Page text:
A few years ago, I stumbled upon a book with an interesting subject matter: handwriting analysis. Little was I aware that there is a whole “science” behind the meaning of the flow, shapes, sizes and slants of people’s writing. Skeptical, I paged through, and as I read, it began to gain some credibility: how we move our bodies is a form of body language. Everyone would agree that body language – postures, positions and motions, everything from arms to eyebrows – is a substantial form of communication. As I paged my way through this text, it dawned on me that even something as innocuous as how we scribbled a pen on paper was a form of body language, an expression of our being at that time and place.
I bought that book and was astounded by what it told me about individual nature. Perhaps it was mere confirmation bias when I amateur-analyzed the handwriting samples of friends (fun game: have a friend write three true statements and one false one – of facts only they know. There will invariably be a difference in handwriting style!). But when I used it on brand-new, never-before-encountered clients in a clinical setting, it still held some truth about personality and behavior patterns.
Around this same time, as a coach and physiotherapist, I began to more confidently – and more aggressively – address clients’ running biomechanics. As a detached observer, the findings and goals were black and white: this is pathology; that is efficiency. But for the ailing runner, it was much more than that: how people run is as fundamental to their being is how they speak, and how they act. Running, like writing, is body language.
In retrospect, the sensitivity and resistance I have encountered when passing judgment on a client’s running began to make sense. Asking someone to make a drastic change in something as simple as putting one foot in front of the other, can be experienced as actually asking them to make a major lifestyle change.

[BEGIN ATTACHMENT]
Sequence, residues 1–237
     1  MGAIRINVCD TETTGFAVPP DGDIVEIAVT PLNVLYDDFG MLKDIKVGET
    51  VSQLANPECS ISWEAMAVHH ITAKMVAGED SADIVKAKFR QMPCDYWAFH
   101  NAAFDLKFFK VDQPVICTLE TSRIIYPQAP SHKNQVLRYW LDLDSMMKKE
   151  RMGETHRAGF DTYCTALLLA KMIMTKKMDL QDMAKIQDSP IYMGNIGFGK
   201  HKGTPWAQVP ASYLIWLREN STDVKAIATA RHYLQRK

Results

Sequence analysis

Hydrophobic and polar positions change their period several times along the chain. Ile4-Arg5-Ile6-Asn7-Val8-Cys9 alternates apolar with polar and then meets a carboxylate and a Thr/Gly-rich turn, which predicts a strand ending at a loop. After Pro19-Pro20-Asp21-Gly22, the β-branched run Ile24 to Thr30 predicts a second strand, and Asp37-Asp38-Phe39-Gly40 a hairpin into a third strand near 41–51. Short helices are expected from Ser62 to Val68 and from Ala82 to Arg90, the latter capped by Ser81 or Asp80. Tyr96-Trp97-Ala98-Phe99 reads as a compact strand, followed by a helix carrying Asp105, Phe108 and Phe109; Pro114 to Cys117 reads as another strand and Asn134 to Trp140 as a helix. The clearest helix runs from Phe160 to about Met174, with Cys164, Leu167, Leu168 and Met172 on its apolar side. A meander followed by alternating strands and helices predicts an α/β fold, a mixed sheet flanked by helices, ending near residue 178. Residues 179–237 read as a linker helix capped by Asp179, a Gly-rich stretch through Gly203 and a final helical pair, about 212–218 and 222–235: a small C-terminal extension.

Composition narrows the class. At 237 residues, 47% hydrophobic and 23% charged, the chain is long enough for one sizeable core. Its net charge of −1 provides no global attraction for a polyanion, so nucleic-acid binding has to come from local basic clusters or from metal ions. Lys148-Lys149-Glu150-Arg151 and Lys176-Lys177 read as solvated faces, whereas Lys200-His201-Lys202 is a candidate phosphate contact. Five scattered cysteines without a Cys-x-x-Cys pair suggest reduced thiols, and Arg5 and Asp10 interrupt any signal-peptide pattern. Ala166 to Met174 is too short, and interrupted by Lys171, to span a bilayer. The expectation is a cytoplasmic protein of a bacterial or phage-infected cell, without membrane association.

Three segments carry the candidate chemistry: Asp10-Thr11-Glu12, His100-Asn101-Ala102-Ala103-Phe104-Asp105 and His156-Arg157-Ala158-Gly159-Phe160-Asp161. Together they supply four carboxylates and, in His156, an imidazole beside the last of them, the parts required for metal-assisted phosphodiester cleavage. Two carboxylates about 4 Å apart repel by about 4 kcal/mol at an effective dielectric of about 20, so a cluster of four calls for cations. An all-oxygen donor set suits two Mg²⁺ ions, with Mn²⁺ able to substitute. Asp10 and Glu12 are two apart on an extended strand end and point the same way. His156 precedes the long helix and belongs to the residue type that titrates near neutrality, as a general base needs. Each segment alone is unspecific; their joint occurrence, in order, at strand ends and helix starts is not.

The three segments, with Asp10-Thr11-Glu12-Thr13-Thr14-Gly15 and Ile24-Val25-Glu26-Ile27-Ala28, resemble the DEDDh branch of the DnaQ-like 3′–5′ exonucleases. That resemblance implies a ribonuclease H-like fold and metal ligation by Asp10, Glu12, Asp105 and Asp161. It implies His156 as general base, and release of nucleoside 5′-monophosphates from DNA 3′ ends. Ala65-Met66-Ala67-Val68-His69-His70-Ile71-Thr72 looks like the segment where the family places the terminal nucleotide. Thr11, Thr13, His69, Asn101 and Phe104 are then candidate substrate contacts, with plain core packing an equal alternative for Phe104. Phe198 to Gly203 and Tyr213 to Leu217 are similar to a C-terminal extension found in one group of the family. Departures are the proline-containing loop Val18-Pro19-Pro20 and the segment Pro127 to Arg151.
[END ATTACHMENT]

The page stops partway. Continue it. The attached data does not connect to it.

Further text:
Moreover, to merely attempt to analyze a runner’s stride is, for some, to cast cold and brutal judgment on their being, slicing deeply to the core of the fundamental act that defines their very existence. For some, to judge one’s running is to make a blanket criticism (if not condemnation) of his or her fundamental being!
“No, no, no! That’s not what I’m saying! I meant… it’s just…” I tell them – and myself – as I go about dissecting the physics of how they run. To me, I’m just trying to help: to remove a major, self-destructing impediment, to prolong a runner’s life, to make it more successful and enjoyable, or at the very least, less dysfunctional!
But it’s a lot more than that.
What I’ve come to realize is that the job of a coach is to balance the roles of biomechanist with psychologist: identifying dysfunctional behavior, yet recognizing this behavior as representative of a person. Body language. As such, to coldly analyze and change with reckless abandon is akin to an existential slash and burn.
Thus, the empathetic coach must approach a dysfunctional runner with the same sensitivity as counselor:
- Identify obstacles toward greater success and happiness
- Establish small, but meaningful, objectives to address
- Make subtle, but powerful, adjustments gradually
- All the while identifying and emphasizing the strengths of their running (as an extension of their being)
- Providing consistent encouragement when changes are painful and difficult
- Identifying areas of growth, and rewarding and reinforcing positive changes
Acknowledging running as a form of body language balances the need to identify self-destructive behavior, yet have the sensitivity to make small and gradual changes with heavy doses of affirmation. After all, we all love running, and hold deep in our hearts that we’re the best runners – and people – that we can be.
And all I am trying to do is help! The best love is sometimes tough love, but – as I found out, peering at those new patient paperwork handwriting samples – a little sensitivity, understanding and nurturing can go a long way.